Tunkhannock pulled out all of the stops to honor sacrifice and military service on Monday with a parade as people lined Tioga Street and waved flags, heard a rowsing speech on the courthouse lawn and participated in a balloon release at the Little League ballfields.
Retired Army Col. Barry Searle warned several hundred people assembled on the courthouse lawn not to become complacent about the freedoms we all enjoy.
Searle, who once served as officer-in-charge of a team at Andrews Air Force Base in Washington, D.C., that received more than 10,000 wounded veterans.
He said the team’s responsibility was “to be a friendly face and a trusted fellow combat soldier giving support to those returning wounded and dying getting off an airplane.”
“Every member of that team was changed by what we saw during the tour,” he said.
Searle added that he fears “The country we fought for is sadly slipping away. The idea of sacrifice, duty and honoring country is being replaced today by me, me, me.”
He looked the crowd over and said that everyone in the audience has friends and family who served this great country. “You know, they sacrificed their tomorrows to give us our todays,” he said. “We cannot let the public - the drive through population with a 5-minute attention span forget our wounded and dead.”
Searle said that as people sit at home enjoying their patriotic music, they need to understand life is more than just about enjoyment.
He acknowledged that as individuals come home from tours of duty it is not much of a challenge to “thank them for their service. Yes, we should do that, but placing a wreath by a monument, and playing Taps is moving, but sterile. Think about those who came back suffering and continuing to suffer. Do we remember them?”
“Yes, we have a responsibility to take the initiative on Memorial Day, Veterans Day and the Fourth of July or any day for that matter to pause and reflect,” he said. “But be careful not to trivialize our past into thinking somehow the country will always be a better place.”
He acknowledged it will take continual service by people willing to step up to do that.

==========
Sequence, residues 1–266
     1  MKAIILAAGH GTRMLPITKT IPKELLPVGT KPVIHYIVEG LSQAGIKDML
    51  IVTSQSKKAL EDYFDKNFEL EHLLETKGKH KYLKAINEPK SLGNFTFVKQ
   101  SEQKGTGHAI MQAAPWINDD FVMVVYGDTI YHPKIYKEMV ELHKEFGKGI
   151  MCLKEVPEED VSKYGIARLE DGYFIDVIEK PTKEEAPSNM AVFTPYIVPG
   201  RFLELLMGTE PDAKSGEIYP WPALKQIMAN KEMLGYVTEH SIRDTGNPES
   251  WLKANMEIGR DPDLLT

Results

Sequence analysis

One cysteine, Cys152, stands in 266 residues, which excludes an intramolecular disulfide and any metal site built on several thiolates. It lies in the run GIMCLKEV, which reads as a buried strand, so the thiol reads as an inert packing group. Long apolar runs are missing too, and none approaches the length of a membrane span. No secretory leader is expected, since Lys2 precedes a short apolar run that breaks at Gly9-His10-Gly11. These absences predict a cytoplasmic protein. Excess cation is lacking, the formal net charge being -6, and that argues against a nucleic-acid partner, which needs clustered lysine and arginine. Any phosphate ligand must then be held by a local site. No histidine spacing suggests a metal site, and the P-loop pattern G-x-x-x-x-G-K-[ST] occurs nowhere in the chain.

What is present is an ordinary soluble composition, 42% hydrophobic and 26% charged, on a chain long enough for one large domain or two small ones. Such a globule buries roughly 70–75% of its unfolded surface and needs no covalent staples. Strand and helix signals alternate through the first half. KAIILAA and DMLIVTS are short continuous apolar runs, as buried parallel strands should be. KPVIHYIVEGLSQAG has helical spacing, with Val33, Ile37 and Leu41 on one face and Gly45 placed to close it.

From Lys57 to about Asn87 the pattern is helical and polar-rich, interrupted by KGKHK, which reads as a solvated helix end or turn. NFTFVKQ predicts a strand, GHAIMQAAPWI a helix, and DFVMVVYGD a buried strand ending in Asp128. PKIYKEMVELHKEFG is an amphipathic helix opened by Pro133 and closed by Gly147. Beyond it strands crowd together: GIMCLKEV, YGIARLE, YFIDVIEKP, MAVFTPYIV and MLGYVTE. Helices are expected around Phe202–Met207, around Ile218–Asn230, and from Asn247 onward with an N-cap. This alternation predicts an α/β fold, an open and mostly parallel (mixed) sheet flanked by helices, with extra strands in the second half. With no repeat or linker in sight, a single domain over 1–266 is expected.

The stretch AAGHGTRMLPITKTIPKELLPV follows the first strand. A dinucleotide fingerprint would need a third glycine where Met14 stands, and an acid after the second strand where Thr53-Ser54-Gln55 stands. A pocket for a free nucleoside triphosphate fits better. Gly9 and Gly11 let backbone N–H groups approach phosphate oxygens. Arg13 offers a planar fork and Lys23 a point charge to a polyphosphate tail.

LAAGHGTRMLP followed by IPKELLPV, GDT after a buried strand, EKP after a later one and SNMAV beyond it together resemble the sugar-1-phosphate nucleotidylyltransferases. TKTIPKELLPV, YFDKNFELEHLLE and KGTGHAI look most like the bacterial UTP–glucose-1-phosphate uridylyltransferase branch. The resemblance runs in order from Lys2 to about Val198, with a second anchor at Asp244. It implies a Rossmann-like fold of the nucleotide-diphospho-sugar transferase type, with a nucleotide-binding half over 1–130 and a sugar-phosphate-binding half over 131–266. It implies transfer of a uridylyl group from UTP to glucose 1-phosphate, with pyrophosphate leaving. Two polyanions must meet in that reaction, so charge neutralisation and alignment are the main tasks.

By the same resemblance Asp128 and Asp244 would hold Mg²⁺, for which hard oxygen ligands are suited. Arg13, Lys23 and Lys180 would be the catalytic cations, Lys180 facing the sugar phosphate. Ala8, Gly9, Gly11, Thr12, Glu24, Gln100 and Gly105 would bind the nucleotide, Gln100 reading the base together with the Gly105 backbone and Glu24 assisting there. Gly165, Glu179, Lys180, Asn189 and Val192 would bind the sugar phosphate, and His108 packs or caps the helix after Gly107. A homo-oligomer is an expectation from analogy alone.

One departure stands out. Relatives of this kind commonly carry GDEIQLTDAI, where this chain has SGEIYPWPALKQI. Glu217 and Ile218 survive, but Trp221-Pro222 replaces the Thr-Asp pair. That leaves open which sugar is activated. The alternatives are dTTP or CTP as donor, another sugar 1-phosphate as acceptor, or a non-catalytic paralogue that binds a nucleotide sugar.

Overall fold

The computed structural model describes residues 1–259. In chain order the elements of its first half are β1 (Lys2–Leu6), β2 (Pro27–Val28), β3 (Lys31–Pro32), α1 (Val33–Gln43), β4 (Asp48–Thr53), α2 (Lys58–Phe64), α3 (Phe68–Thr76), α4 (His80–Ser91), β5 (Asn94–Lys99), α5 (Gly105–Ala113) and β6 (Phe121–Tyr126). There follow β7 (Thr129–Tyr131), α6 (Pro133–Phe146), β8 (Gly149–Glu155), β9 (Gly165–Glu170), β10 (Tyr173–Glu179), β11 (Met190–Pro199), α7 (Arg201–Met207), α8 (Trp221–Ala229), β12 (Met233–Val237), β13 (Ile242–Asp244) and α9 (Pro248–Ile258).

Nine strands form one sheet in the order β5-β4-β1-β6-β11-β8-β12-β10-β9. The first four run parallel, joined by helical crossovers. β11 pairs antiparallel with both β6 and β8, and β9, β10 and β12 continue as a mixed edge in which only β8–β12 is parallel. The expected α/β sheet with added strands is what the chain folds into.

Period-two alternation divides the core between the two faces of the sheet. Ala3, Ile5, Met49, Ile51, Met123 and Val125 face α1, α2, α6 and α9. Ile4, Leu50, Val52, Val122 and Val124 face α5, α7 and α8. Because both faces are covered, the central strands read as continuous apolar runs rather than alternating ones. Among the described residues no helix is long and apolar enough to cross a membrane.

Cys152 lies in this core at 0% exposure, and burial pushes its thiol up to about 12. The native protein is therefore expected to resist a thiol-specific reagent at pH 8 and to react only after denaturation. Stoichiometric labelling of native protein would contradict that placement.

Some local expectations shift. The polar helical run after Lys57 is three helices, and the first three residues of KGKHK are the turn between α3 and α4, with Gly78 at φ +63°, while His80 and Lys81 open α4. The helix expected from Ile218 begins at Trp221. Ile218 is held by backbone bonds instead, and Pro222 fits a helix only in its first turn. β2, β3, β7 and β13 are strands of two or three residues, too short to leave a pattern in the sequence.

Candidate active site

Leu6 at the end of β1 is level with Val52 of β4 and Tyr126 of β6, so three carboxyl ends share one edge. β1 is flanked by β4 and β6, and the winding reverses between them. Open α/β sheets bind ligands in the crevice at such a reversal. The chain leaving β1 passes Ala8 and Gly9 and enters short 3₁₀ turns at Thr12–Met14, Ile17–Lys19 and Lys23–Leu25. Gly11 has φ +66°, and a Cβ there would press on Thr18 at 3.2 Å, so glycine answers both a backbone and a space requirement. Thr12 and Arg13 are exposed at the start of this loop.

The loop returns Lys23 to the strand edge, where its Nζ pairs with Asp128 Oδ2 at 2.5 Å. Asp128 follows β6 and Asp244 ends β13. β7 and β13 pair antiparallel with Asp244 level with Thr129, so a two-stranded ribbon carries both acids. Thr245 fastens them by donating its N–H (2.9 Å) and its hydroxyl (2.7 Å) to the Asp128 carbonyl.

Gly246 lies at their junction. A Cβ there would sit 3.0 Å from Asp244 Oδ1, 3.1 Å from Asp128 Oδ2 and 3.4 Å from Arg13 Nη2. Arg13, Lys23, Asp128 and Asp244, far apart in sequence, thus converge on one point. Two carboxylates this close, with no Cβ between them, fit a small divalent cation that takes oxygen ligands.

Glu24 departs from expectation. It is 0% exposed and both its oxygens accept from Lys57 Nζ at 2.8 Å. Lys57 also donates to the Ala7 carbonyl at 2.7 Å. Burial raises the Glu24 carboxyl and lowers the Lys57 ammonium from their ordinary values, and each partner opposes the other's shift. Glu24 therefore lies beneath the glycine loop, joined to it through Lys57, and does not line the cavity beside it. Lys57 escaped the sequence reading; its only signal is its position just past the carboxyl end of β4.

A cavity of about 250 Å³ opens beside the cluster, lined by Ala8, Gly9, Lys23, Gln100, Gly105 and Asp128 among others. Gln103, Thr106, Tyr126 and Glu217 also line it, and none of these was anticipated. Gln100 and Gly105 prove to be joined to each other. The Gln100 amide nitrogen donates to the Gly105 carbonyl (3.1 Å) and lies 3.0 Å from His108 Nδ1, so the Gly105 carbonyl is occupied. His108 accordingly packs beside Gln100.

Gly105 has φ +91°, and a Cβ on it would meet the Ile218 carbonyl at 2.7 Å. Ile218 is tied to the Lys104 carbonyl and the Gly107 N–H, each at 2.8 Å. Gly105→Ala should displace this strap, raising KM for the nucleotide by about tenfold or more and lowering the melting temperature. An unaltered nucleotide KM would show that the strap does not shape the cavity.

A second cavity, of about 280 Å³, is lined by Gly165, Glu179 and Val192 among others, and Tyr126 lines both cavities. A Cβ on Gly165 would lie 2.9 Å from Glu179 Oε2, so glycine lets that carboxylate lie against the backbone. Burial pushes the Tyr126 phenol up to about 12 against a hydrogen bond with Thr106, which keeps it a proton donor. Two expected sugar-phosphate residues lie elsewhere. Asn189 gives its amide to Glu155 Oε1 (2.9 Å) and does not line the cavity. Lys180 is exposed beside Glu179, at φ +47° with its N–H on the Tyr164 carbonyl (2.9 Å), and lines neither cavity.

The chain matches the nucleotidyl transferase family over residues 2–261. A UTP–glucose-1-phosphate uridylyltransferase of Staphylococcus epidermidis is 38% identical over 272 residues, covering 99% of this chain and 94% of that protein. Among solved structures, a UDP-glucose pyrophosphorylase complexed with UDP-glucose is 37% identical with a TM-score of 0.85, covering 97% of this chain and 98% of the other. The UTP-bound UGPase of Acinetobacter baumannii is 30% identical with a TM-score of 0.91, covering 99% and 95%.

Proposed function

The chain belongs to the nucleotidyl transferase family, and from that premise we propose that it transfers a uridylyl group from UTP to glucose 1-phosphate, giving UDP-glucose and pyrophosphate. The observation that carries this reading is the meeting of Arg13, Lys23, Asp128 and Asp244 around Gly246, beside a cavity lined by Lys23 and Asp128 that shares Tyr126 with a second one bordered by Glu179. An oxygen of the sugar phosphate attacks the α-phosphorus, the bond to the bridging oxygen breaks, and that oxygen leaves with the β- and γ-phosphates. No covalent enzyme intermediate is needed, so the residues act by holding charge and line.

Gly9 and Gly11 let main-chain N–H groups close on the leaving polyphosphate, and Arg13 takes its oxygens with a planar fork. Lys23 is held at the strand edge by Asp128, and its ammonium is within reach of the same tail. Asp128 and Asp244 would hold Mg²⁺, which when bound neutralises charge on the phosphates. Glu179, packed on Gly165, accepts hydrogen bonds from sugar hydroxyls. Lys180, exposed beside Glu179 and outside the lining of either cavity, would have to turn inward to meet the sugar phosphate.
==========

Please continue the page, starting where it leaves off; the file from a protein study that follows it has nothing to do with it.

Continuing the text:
“Don’t forget that. Our people are spoiled by living in the greatest nation on earth into complaining about what they don’t have. When you hear somebody at work talk about the heat and humidity in your office, tell them about the friend or buddy who nearly died from frost bite in Korea.”
“Let’s move over from hollow phrases and really do something,” he admonished the crowd.
“Vote. Demand of your officials honest government. Demand of the Veterans Administration that bureaucratic business as usual for those who willingly served should never be horrible. It’s up to all of us to step up.”
With his speech’s conclusion, an honor guard led by retired Air Force Col. Stacy Huber from the Dennis Strong American Legion Post gave a gun salute, and the high school band performed ‘Taps.’
The time for remembering, however, did not stop there.
Crowds of people moved to the Little League ballfield near Sunnyside Cemetery to take part in a balloon launch that has been a part of Memorial Day in Tunkhannock for the past six years.
Red, White, and Blue helium-filled balloons were let go in the outfield of Art Keefer Field with one balloon for every Pennsylvania soldier or sailor to have lost his or her life in Iraq or Afghanistan since Sept. 11, 2001.
Special guests on hand included Holly McBroom, the widow of Sgt. Jacob McBroom who never came home. She thanked Kendra Lynn for annually remembering her husband and so many like him by putting together the remembrance ceremony after Lynn lost her own brother - Staff Sgt. Steven Tudor, a 1989 Dunmore grad- back in 2007.
Another special guest was Cory Etchberger, son of Medal of Honor Winner Richard Etchberger, who died in Southeast Asia in 1968. The younger Etchberger donated a flag to be flown over the ball park and then served as a guest speaker prior to the balloon release telling people to “never forget.”
This year the balloons were augmented by some green and gold balloons to remember Bryce Brown, a former Tunkhannock Area High School baseball player, who at age 18 died in late April from a pulmonary embolism while away at college.
It was another fitting way to remember.